Tuesday, August 3, 2010


Over the weekend, our hens laid their very first egg! So exciting. I'm not sure which one did it...one of the Barred Rock hens for sure because it was brown and Americaunas lay blue-ish ones. It was teeny and tiny but perfect. I'm hoping the eggs get a bit bigger or I'll need a months worth for an omelet.

 The FIRST egg!

As many of you know our two hens, Minnie and Olivia, do not live with us. Our homeowner's association prevents us from having them here with us. So, they live about a mile down the road with a generous friend of mine where chickens are kept and welcomed. My friends are on vacation and so it my responsibility to care of the girls while they're away. I welcome the chore. I love talking to them and I always squat down and stay awhile so they're used to me. Anyhoo, it's has been raining like crazy lately and there's a leak in the coop roof. When I went to check on them yesterday, I had a coop full of wet hens and no eggs. Wet hens are angry hens and who wouldn't be? If I had to slog through the mud and endure drips on my feathers, I might spite you by withholding an egg or two.

I went to the feed store and bought a gargantuan bag of wood shavings to spread around and soak up the mud. I also purchased two nesting boxes so the girls would have a nice place to lay their eggs. Buying nesting boxes is really unnecessary. They can be made from a number of scrapped or recycled materials but I panicked. I'm a first time chicken owner with angry, soggy, just started laying birds I didn't have time to make something! I paid the $15.85 and was on my way. And my reward for my panicked impulse buy? An egg. Perfect. Dry. CLEAN. Just waiting for me today when I went to feed.

 Minnie checking out the new nesting boxes

Now that Minnie and Olivia are of "laying age," the desire to have them here on my property is overwhelming. I want my girls here, with me. I want my kids to become more familiar with where their food really comes from and for them to share in the responsibility of caring for the hens. It's a hard lesson to teach when your chickens live a mile away and we aren't really involved in the day to day care. I think I might just have to break the rules. Chickens are no louder and no smellier than that yapper dog who lives in the yard behind us. Yes. I think it's time to bring the girls home. HOA be damned! Stay tuned...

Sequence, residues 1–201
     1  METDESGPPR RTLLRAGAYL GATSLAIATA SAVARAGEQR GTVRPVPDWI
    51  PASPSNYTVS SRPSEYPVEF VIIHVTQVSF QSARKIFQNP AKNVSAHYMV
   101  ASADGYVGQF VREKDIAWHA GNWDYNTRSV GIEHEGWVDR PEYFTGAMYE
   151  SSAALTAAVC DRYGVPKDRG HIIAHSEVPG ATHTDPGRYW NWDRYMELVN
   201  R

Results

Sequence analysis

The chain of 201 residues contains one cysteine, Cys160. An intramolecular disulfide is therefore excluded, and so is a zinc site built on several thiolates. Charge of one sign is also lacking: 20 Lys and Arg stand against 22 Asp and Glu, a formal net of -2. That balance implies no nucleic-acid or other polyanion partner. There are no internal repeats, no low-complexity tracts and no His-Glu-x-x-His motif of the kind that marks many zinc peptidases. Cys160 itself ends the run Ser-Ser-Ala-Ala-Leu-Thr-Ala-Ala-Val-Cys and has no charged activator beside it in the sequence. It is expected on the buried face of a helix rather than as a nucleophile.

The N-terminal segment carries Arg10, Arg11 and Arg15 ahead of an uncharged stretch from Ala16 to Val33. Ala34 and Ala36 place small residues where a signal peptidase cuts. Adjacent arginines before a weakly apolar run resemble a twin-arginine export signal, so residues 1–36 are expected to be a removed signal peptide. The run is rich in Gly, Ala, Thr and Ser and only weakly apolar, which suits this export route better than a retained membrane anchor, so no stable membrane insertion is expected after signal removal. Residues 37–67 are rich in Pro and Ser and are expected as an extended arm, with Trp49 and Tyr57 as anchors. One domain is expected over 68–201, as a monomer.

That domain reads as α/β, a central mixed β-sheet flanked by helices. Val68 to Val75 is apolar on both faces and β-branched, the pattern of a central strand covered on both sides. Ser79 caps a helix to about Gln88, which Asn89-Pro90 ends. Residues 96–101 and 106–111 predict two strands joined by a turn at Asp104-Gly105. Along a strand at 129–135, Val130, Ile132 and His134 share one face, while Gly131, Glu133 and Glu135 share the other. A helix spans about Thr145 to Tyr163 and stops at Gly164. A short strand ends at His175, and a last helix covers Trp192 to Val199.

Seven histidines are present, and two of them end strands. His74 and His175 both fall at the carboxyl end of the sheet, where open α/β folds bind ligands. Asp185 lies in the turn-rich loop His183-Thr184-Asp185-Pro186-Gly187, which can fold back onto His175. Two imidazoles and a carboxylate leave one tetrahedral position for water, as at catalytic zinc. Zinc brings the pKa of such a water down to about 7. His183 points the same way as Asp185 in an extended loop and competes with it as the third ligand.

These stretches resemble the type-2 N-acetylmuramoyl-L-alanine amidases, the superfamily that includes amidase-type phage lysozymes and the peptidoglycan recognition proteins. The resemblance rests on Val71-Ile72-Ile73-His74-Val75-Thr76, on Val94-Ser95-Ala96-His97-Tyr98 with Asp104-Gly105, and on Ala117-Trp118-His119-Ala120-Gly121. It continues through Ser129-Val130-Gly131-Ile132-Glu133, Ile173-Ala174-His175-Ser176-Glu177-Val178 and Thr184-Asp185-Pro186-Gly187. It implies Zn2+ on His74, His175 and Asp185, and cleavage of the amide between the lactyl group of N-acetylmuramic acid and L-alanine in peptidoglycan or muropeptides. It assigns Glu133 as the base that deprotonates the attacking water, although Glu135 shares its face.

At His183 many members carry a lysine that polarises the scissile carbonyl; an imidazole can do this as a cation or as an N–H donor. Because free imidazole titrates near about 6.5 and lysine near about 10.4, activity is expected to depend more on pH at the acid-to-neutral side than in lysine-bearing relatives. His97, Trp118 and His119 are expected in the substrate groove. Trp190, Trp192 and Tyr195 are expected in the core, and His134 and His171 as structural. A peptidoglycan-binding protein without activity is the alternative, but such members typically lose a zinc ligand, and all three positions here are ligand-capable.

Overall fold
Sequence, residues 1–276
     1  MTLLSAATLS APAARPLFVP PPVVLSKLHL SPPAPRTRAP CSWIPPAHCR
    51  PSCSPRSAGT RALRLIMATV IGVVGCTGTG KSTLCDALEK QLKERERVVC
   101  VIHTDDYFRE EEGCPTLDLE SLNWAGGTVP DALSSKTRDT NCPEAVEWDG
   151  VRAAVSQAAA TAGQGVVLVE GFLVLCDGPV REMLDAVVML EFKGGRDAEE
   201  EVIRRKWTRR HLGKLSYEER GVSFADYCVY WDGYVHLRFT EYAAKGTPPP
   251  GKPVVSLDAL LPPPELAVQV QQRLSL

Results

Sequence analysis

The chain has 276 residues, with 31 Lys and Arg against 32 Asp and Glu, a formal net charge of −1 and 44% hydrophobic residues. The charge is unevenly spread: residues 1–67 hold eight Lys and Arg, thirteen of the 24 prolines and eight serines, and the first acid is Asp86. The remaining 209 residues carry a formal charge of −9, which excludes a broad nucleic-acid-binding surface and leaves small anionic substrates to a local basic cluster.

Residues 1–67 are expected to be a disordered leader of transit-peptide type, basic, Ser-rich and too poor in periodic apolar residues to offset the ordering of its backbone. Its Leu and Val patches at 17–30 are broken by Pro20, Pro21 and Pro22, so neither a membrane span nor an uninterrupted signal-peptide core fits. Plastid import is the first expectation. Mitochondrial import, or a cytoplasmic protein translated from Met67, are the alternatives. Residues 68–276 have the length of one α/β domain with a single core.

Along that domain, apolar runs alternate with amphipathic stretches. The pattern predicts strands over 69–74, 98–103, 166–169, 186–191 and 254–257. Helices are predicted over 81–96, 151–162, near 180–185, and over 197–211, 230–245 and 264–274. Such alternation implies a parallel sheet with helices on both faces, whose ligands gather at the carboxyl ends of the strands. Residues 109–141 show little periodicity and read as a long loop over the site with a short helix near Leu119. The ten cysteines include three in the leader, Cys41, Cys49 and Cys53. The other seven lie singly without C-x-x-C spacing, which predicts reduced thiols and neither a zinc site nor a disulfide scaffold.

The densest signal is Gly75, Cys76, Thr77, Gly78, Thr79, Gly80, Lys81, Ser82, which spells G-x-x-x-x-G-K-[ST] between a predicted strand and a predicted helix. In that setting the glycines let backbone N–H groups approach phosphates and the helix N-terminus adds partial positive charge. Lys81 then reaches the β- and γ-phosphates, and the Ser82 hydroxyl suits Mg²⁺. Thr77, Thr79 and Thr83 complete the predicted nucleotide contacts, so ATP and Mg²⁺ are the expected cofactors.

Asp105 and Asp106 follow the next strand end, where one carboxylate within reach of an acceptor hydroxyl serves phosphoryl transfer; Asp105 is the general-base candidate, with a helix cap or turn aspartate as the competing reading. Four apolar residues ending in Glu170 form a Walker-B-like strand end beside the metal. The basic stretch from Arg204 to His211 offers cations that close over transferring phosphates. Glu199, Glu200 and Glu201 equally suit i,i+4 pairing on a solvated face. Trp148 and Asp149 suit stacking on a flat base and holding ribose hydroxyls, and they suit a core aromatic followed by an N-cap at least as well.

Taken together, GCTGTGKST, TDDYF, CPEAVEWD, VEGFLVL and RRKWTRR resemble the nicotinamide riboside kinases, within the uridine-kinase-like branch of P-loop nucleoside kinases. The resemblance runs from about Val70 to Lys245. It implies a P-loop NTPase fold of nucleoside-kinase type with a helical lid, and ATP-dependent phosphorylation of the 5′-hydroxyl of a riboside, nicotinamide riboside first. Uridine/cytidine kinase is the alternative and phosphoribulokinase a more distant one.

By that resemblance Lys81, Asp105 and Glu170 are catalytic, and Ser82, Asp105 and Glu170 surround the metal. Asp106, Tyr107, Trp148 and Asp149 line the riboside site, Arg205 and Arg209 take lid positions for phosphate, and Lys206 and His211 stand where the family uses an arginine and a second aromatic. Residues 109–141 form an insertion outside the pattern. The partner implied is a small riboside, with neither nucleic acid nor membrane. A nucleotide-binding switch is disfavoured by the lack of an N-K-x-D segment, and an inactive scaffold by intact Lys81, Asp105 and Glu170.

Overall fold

1. Yum. They taste so much better. Hey, please send me your address. I thought you posted it somewhere in here but I can't find it. Thanks! :) hlarronde@gmail.com

  2. How exciting! One of our hens threw a tiny egg like this a few weeks ago...it looked so cute in the carton with all the other usual ones! Not sure why it was so small...barred rocks are my fave hens, followed closely by black sex link. I get great joy on a daily basis when I pick up the eggs (I go out several times a day; helps ensure the eggs are CLEAN when I find them!)...we got 17 today which means EVERYONE laid one!
    Good luck with your HOA battle...I'd fight it too, if I had to. Big news here in Canada in cities all across the country.

  3. The first egg laid is an exciting event!

    I hope you do bring your chickens home and are able to keep them somehow. Sometimes a little civil disobedience is in order. :)

  4. I'm sure you can figure a way to keep them with you at your place...

  5. Congratulations!! Very very exciting for you! I long for the day we have our own precious chooks! xo m.

  6. Oh, how exciting! I can't wait for ours to start laying. Such a satisfying experience, I'm sure. And it really is an amazing learning opportunity for the children to connect so closely with one of their food sources. I'll be rooting for your gals to come home :-)